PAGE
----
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Anglo-Saxon or Old English verse - an intro


One of the most famous texts written in Anglo-Saxon or Old English verse is Beowulf, which once reviewed/explained in detail (along with Sir Gawain) at Guys Lit Wire.

As I noted there, Anglo-Saxons used poetic lines that basically split in half in the middle, forming two hemistich, each of which contains two stressed syllables. Anglo-Saxons also used a lot of alliteration, or repetition of sounds (and, in particular, of the sounds starting words in the line). Here's an example of what I'm talking about, from lines 442-445 of the translation done by Seamus Heaney:

If Grendel wins, it will be a gruesome day;
he will glut himself on the Geats in the war-hall,
swoop without fear on that flower of manhood

Stressed syllables are underlined; alliteration within a line is bolded.

I plan on going into this in far more detail tomorrow, with more examples, as I find the entire thing fascinating, no doubt because of my ancient Anglo-Saxon roots (you should see my family tree, yo - it's all sorts of Anglo-Saxon and little else once you get back far enough). Or perhaps because I am a huge nerd and this is the sort of thing I luuuurve. But I digress.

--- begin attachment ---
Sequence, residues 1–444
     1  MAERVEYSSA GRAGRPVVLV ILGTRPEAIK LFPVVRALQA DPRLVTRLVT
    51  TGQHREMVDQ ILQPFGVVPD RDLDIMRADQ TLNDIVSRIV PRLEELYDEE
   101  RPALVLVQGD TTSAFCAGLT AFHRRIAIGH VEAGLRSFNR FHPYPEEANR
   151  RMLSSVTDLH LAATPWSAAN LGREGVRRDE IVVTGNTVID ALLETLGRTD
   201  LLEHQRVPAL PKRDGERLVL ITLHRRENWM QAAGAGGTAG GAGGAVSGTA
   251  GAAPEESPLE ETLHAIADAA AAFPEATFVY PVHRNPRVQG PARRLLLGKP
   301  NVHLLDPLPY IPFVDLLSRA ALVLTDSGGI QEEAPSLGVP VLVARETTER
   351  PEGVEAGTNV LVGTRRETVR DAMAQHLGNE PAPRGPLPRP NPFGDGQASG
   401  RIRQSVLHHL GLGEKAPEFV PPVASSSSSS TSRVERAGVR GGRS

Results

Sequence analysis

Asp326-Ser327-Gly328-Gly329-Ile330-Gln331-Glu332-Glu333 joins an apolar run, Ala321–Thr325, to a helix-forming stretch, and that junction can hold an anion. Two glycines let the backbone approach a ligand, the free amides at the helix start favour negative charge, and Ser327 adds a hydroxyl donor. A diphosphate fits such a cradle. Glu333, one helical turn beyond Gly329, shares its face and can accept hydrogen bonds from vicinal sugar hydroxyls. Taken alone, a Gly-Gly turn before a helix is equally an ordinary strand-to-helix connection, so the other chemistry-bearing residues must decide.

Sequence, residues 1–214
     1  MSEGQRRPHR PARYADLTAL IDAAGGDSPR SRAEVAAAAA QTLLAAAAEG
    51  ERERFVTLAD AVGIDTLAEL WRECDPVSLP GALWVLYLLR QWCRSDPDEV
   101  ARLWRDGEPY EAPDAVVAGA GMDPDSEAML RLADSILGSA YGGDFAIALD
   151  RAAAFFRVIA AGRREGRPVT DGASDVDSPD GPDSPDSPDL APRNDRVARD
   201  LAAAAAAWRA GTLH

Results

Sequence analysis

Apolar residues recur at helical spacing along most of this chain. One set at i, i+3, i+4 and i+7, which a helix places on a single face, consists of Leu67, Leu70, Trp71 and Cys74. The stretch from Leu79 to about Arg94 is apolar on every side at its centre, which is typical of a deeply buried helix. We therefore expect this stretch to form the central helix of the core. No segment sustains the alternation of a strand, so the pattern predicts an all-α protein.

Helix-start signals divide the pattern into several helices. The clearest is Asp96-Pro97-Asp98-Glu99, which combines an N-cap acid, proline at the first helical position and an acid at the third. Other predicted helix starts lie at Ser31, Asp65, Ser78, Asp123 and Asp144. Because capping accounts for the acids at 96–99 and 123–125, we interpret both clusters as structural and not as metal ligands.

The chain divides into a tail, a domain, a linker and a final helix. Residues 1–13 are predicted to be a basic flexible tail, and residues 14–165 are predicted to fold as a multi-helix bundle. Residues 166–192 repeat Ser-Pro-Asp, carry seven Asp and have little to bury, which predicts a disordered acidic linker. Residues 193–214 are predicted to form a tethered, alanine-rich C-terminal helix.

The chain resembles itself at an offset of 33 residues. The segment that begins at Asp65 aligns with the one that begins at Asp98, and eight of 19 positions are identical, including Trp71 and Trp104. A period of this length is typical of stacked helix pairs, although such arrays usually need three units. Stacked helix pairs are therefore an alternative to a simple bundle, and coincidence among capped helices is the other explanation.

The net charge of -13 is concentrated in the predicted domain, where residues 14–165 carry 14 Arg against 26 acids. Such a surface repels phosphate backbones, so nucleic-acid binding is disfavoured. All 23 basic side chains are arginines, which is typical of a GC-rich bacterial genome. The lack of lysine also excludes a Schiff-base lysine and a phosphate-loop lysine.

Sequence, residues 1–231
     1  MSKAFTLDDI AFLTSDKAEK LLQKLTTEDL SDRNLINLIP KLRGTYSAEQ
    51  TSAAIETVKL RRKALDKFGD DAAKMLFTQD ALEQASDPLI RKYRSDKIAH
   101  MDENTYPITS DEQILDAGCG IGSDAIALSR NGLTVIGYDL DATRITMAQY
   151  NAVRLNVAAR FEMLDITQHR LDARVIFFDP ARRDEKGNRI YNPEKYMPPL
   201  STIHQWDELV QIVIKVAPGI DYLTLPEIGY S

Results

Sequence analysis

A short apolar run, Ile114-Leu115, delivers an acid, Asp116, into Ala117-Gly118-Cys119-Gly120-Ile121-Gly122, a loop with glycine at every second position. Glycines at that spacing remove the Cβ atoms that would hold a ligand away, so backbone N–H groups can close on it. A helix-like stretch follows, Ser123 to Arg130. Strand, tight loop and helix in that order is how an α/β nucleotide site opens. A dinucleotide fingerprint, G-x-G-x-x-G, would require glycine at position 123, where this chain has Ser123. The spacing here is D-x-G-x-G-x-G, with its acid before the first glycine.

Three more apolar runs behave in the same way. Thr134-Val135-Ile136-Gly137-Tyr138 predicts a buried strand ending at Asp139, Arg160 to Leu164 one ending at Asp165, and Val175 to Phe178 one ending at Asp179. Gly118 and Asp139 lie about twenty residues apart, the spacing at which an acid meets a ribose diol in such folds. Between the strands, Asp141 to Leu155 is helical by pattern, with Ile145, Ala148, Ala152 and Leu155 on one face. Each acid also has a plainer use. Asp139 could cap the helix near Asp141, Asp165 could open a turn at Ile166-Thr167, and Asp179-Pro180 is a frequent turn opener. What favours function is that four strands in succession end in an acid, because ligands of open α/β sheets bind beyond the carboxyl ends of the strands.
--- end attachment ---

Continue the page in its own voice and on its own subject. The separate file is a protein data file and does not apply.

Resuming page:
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Comments

( 2 comments — Leave a comment )
Mary Lee Hahn
Apr. 18th, 2016 11:13 pm (UTC)
I'll come along for the ride!
kellyrfineman
Apr. 19th, 2016 12:45 am (UTC)
I'm so glad! Although seeing your later comment, I worry I didn't explain things well today!
( 2 comments — Leave a comment )

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